Saturday, August 24, 2013

Gone Tracking - Book Review

A rainy old morning, so with no bird news today's post concerns a new book which should interest many bird watchers.  

My friends at Princeton University Press sent a book for review on Another Bird Blog - Tracks and Signs of the Animals and Birds of Britain and Europe. So while it’s a book that isn’t just about birds it is one that many birders will be interested in hearing of. 

The book’s publication data shows that it was first released in Denmark in 2012 as Dyr & Spor (Animals and Tracks). The author Lars-Henrik Olsen is a zoologist, writer and lecturer who has worked at the Copenhagen Zoological Museum and the World Wildlife Fund, and is the producer of a number of Danish radio and television programmes. The book is available at Princeton University Press for £17.95. 

Tracks and Signs of the Animals and Birds of Britain and Europe

As a bird watcher and field worker and on my regular explorations, I often come across little bits of the unknown, whether they be tracks in mud or grass, paths through a field, scats, pellets, skulls or the many signs of feeding by birds or mammals. With the simple things it isn’t too bad whereby I can assign an owl pellet to a species, recognise signs of woodpecker activity, distinguish fox poo from domestic dog dirt and know when a deer has walked a muddy path. More often than not I cannot answer the more difficult conundrums that nature and animals leave in their wake. Any book that can help explain such mysteries is welcome indeed, so I set about this book with a great deal of interest and enthusiasm, hoping to learn a little more about the countryside and the animals in it. 

 Tracks and Signs of the Animals and Birds of Britain and Europe

“Tracks and Signs” has an unusual and tiny introduction of less than half a page, sufficient enough since the book’s title, likely contents and probable usage are in themselves self-explanatory. It was actually a welcome change not to read pages and pages of introduction, preface and "how to use this book", but instead to get down to the nitty-gritty as soon as Page 6.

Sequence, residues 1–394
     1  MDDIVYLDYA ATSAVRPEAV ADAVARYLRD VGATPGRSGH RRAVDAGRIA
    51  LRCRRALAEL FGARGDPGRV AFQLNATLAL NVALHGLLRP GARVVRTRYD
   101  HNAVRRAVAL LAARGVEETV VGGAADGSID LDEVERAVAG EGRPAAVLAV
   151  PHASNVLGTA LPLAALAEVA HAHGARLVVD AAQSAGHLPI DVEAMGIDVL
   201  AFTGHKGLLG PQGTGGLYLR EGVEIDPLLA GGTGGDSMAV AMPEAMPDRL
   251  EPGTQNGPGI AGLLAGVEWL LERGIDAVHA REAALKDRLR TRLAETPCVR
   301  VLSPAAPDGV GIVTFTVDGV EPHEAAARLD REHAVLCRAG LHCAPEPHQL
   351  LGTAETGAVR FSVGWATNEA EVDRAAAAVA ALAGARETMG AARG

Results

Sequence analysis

Roughly the first third of the book is devoted in several pages of each section to describing, illustrating and annotating the clues that birds and animals leave behind. The headings to these sections include for instance, antlers, bird and animal tracks, feeding signs on trees and on crops, pellets, nests & dens, and summaries of bird droppings, the scats of carnivores, small mammals, rodents and small herbivores. I found some really useful snippets of information in these sections e.g. why Brown Hares and Rabbits shear off the branches of trees in contrast to deer which twist branches until they break, and how different the results appear to a trained human eye: or how to tell which bird or animal has been eating the fruit of rose hips. There are lots more secrets of wildlife in these pages, interspersed as they are with the splendid photographs, illustrations and drawings. The publishers don’t quote the number of photographs but at 4 or 5 per double page spread it must reach into many hundreds. 

 Tracks and Signs of the Animals and Birds of Britain and Europe

The remaining 170 pages of the book are devoted to the specific mammal species, with information on size, distribution, behaviour and habitat as well as a more detailed summary of tracks and scats. There are many fine photographs in this book, not just of the marks, signs and tracks themselves, but photographs which do not show an animal or bird in simple isolation but which relate in a very informative and useful way to the textual account. For instance, and even as hard as it is to select one or two from so many, the Red Fox leaving tracks in the snow or sand as it listens for mice; the Wolf at a den accompanied by pictures of a Wolf’s hind foot together with a picture of Wolf tracks in the sand; or the Mink clamped on a Mallard complemented by pictures of a Mink scat and typical remains at a Mink’s den.

Tracks and Signs of the Animals and Birds of Britain and Europe